GigaBash Review (PS5)

GigaBash Review: Happy Together


I love a game that knows what it is and who it’s for. GigaBash is a game almost everyone can jump into and be having fun with after only a few minutes, but it isn’t a game I can recommend strongly to all players. That’s okay. GigaBash truly excels in one very specific circumstance and it knows it. Twenty years ago, that would have been a selling point, but today local multiplayer isn’t a major part of most players’ gaming experience. For those who do still get together on the couch with some friends, do I have a game for you.

To be clear, GigaBash is a ton of fun, no matter how you play it. A party fighter at heart, it brings together elements of games like Power Stone, War of the Monsters, and Godzilla: Destroy All Monsters Melee. You select from one of ten kaiju, including three unlockable ones, and go to town with up to four players. With an overhead view, things are a bit more zoomed out than you might expect, but this lets you get a real view of the game’s generous assortment of levels and when these guys power up, it really drives home the sense of size and power behind these characters.


Wreck Everything



Speaking of the characters, the game’s ten fighters provide a nice variety of styles. Gorogong is clearly inspired by King Kong despite not being an ape, and he’s a natural when it comes to fighting up close and personal. Or you can play Pipijura who has much better ranged attacks and feels a bit like a home grown Godzilla. I loved playing as Wooley, a Yeti who can roll enemies up into a snowball and has some Kirby in his play style. There are plenty of other options. A giant mech, an Ultraman style hero, a giant plant monster, even a living building, the developers here obviously love their kaiju movies and they’re brought a wide variety of what players will want to their game.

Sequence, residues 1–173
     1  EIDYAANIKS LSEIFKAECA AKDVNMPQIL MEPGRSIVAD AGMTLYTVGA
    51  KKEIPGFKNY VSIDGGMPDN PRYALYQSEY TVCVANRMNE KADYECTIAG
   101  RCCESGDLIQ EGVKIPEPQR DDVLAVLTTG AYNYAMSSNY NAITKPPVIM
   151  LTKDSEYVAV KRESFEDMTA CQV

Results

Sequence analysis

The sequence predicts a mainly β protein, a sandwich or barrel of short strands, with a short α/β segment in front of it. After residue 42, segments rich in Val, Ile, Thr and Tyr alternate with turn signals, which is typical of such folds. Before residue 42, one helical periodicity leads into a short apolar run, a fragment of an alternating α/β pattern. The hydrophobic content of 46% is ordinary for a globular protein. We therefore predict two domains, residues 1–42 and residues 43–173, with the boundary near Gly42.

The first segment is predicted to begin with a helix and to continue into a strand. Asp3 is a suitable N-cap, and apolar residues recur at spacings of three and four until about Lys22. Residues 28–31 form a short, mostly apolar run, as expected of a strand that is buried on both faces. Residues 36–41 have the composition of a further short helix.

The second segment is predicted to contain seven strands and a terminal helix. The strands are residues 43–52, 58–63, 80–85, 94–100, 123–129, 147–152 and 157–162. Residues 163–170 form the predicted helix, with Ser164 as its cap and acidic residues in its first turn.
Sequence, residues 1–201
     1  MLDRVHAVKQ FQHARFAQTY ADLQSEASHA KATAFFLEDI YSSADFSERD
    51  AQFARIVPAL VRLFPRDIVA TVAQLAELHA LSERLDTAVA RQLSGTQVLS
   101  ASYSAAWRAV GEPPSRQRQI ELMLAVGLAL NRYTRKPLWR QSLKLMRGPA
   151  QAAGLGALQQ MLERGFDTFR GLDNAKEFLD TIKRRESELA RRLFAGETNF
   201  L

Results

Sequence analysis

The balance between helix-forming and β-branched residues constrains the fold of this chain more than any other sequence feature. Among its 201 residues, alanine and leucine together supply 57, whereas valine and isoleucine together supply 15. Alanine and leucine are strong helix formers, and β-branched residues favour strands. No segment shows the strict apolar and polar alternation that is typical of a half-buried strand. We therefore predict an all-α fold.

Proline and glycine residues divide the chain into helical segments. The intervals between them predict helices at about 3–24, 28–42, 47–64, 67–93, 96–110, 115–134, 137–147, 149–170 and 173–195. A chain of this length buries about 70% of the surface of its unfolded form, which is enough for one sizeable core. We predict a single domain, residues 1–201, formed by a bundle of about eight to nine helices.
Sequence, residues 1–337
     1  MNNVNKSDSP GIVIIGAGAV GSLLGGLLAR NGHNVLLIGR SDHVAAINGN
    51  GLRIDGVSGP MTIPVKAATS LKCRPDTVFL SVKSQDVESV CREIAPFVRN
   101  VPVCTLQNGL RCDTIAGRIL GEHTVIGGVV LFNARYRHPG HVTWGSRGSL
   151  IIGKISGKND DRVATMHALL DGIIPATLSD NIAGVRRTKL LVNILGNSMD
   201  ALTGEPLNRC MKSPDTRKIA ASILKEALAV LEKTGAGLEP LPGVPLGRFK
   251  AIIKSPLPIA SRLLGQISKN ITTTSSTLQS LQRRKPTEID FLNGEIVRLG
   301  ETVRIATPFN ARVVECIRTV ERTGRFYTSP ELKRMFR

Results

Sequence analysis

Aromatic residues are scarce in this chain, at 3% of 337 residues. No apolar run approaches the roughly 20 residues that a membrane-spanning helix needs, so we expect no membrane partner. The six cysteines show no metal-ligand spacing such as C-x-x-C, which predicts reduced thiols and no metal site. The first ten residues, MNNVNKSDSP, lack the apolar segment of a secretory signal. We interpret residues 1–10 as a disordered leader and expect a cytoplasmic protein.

Controls are super easy to get used to. Each character has only two attack buttons, a normal attack and a special one. You can also jump and grab, as well as block. There are variations on their two attacks and alternatives when jumping, grabbing, or blocking, but the game’s brief tutorial if anything overexplains things. Players who pick up GigaBash will feel right at home in no time. The ten characters aren’t perfectly balanced, with some moves feeling a bit overpowered or underpowered, but for me that doesn’t matter all that much in a more casual game like this. GigaBash isn’t trying to headline a future EVO, it’s just fun and sometimes big, overpowered moves can be fun.

As you bash on your opponents, you’ll also build up an energy meter. Fill your meter and your giant creature can grow even larger, into a mega version of themself. This also allows you to unleash a final special move which can be devastating. Levels here are fully destructible and interactive. You can simply grab buildings out of the ground and toss them at your foes. There are also interesting environmental effects in some levels, which give them their own unique flavor.


Not For Solo Players